In our Woodlawn ducks blog, CO2Land org talked of planning regulations and coping means in handling Sydney’s waste. An equally compelling need is the community consultation process. Increasingly professional ‘people managers’ are given the job of forming ‘representative’ groups that give ministerial comfort to ‘opinion’. In short this means those in the community that speak out are then branded ‘radical’ and not ‘representative’ of the community. The evidence to date suggests consultation attempts tend to be dysfunctional and unsatisfactory and ‘participation representatives’ are restricted to complaints, insufficient information for adequate follow-up and tend to focus on managing ‘outrage’.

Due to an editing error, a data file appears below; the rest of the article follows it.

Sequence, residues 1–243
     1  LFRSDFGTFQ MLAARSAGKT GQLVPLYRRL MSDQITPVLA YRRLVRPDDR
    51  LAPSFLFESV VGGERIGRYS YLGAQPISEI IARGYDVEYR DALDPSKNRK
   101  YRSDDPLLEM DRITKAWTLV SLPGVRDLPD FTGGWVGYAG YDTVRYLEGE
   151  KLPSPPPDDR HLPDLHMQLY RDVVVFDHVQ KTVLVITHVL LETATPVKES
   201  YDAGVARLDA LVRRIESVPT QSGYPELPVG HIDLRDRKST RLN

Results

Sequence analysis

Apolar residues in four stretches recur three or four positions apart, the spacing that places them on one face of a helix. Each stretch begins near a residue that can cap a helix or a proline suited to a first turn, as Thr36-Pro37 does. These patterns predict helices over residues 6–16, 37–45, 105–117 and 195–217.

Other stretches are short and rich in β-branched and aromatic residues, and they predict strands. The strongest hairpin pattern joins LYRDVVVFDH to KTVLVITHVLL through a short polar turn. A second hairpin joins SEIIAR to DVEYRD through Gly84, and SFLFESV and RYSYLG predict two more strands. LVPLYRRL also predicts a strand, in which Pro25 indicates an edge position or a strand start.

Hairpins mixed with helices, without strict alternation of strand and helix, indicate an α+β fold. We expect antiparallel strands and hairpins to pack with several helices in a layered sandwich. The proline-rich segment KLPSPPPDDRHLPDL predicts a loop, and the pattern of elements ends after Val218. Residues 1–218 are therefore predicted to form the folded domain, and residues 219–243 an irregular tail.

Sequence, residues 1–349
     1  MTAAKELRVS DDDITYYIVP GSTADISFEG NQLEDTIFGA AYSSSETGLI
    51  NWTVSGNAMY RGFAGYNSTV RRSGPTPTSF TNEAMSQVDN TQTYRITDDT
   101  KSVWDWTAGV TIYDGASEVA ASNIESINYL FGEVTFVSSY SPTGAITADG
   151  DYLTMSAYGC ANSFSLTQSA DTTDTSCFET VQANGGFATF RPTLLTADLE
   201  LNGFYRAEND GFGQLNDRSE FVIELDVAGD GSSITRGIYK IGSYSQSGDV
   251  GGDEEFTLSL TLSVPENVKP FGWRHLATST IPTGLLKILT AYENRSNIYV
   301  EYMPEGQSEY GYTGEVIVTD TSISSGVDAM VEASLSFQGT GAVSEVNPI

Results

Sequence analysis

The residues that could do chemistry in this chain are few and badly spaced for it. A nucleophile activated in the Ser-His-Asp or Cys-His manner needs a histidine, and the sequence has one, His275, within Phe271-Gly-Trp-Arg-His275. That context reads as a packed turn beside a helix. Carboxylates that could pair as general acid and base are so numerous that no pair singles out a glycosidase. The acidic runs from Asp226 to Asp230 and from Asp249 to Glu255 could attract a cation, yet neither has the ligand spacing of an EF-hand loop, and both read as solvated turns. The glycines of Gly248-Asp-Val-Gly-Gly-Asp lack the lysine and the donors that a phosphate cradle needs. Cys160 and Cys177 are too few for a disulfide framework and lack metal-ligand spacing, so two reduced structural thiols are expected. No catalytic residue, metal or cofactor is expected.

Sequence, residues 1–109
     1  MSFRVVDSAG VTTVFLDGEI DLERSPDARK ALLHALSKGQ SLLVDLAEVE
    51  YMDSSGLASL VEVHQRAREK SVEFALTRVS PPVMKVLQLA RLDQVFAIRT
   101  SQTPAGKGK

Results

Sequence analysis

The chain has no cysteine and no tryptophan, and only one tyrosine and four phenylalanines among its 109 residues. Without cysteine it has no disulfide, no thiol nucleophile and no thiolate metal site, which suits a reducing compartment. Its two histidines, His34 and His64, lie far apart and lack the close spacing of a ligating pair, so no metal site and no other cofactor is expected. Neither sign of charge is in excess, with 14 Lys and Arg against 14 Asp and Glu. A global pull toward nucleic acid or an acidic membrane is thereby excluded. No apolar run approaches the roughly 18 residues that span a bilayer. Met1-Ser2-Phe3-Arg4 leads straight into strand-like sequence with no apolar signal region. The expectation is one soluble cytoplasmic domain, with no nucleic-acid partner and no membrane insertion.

What lessons are learn’t from this ‘representative’ model? Importantly, anyone who wishes to benefit from a better understanding of the process should look at all the tools available. Media plays a big part, including social media networking. The tools are necessary and form part of mature industry approaches, and give a more legitimate social license to operate your process, and can give valuable evidence pieces to show conformance to legally compliant governance structure.